This may partly explain my keen interest in European history and culture. The fact that I married the daughter of a Swedish immigrant takes me to Europe constantly, which oddly feels like home, and, at the very same time, like a double exile. Who knows whether a couple of evil invading Norsemen, in search of pillage and plunder, may have settled in Iberia in the 10th century? Maybe there’s some Viking in me, too.
I am still a refugee, too, and will continue to be one until Castrolandia ceases to exist. My parents and I came to the United States to escape from a nightmarish existence. As long as my place of birth remains enslaved by an oppressive totalitarian regime and the nightmare continues, I will not return; therefore I will remain a refugee.
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I’m often asked about difficulties I encountered upon arrival in the USA.
Getting rid of my accent is one. It’s more pronounced when I’m tired and/or have had enough to drink. It’s there, somewhat hidden, but there, nevertheless. On the other hand, I take pride in the disbelief exhibited by American acquaintances when they learn I’m Cuban born and raised.
Another great difficulty that I and every Cuban exile face is our constant encounter with ignorance about Cuba, and all of the monumentally stupid stereotypes that dominate American thinking about Cuba, pre- and post-Castro.
Having to contend with people, who see Cubans as some sort of backward primitive from an inferior culture, is just the tip of the iceberg. I encountered the very source of this ignorance in my school textbooks, all of which were filled with incorrect and very negatively-biased information about Cuba and Latin America in general. So, it is not really a question about ignorance that stems from lack of information, but rather of ignorance derived from false information, which keeps being drummed into young minds.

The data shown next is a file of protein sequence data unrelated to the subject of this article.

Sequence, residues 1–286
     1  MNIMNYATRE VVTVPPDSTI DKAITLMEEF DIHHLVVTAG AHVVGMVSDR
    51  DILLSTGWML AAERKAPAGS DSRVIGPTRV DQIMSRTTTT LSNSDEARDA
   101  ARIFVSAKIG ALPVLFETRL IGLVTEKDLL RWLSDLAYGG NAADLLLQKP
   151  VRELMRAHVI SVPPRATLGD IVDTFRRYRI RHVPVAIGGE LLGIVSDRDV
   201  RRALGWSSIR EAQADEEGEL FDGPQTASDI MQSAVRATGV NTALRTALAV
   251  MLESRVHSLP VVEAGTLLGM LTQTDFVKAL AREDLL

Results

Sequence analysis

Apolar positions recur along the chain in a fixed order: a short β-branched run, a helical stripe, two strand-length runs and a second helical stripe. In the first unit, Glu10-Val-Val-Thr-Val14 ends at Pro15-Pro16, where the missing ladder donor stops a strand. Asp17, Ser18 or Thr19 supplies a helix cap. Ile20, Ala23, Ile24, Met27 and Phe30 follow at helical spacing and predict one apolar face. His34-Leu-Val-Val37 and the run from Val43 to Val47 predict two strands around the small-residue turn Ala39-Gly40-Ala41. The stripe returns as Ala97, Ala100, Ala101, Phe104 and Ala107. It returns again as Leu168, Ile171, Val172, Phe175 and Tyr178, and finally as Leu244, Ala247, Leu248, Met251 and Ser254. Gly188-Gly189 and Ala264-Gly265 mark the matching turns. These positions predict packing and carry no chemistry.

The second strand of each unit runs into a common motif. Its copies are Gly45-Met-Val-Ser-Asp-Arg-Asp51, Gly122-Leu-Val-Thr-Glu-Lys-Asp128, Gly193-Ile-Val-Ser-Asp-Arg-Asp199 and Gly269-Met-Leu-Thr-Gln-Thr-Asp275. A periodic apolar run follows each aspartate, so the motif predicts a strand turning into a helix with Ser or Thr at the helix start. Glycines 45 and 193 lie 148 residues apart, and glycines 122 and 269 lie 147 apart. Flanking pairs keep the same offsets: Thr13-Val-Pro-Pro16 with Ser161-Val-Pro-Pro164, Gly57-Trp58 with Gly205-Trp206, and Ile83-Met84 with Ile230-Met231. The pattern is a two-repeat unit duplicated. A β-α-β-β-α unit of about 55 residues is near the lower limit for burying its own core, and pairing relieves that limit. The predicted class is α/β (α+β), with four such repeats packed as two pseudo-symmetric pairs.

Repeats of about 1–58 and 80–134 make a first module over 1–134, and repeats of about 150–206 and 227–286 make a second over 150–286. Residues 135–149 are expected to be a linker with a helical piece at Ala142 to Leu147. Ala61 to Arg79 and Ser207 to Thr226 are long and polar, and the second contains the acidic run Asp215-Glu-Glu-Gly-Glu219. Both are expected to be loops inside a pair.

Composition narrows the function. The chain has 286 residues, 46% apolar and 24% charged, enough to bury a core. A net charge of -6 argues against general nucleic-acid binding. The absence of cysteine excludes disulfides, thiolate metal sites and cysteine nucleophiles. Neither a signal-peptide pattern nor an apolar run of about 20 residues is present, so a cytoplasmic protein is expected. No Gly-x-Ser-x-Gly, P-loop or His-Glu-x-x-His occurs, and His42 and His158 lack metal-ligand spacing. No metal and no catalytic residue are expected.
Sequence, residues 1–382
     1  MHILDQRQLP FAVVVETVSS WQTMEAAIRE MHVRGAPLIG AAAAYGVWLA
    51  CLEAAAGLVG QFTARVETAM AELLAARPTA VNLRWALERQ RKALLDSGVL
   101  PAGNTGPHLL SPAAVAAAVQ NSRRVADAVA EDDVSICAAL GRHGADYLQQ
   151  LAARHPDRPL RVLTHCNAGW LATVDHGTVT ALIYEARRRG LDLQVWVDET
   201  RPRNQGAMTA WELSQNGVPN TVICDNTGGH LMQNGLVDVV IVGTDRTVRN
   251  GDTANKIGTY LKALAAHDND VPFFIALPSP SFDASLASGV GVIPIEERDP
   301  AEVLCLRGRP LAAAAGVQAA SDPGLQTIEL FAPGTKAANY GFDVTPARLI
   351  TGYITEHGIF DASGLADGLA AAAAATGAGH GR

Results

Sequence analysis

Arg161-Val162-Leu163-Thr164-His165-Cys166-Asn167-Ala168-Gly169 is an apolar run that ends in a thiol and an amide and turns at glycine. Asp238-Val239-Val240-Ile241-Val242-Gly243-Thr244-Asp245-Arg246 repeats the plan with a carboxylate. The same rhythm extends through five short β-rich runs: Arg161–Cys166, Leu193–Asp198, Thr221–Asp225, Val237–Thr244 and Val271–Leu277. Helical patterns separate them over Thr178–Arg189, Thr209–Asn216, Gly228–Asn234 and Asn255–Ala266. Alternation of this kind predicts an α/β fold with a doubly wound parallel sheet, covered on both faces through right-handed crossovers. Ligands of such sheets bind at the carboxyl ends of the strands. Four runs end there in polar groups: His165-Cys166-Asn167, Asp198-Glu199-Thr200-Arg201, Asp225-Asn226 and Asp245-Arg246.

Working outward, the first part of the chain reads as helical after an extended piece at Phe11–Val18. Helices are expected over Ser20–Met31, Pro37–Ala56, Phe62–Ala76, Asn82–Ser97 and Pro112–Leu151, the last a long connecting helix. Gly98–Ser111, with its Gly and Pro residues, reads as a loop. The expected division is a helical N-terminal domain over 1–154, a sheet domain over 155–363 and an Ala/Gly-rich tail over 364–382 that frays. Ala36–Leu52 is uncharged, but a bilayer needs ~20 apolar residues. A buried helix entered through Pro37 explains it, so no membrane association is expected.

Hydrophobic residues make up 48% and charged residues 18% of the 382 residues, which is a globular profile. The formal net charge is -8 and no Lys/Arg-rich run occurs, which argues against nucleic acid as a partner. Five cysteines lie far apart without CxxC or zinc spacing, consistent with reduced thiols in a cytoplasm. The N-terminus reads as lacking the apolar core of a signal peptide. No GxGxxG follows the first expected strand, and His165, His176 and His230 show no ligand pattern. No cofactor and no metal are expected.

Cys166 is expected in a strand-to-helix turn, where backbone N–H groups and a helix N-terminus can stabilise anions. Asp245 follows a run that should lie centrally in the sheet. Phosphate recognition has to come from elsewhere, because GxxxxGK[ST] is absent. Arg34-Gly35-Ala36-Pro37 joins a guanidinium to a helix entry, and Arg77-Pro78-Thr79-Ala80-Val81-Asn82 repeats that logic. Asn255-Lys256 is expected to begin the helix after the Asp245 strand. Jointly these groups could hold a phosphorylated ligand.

Many Americans still harbor all sorts of prejudices toward "Hispanics" because their exposure to the full complexity of the Hispanic world is limited and misinformed. Most natural-born Americans aren't really aware of the fact that their culture has constructed an artificial category – "Hispanic” – which is extremely broad and a gross distortion of reality.
Chief among the errors committed by Americans is that of conceiving of "Hispanic" as a race, or of all "Hispanics" as the same, more or less, despite the fact that there are 18 different Spanish-speaking countries in Latin America, each with their own particular ethnic mixture and culture. In addition, there is one European country in which Spanish is the official language, but in which other languages are also spoken.
Whenever I am confronted with any document or news piece in which "Hispanic" is conceived of as a "race," my head feels as if it's going to explode, for that is so totally wrong. Whenever this happens, I am also reminded of the one time that the mother of one of my high school friends expressed her prejudices openly, saying, with a sigh of relief, "oh, but you look just like all the other boys," when she first met me.
And that is just one such incident, though especially poignant; I've lost count of how many times I've been told that I don't look like a Cuban. And it's not just Americans who harbor these prejudices. I’ve encountered similar comments from Northern Europeans as well.
Part 2 coming up next week.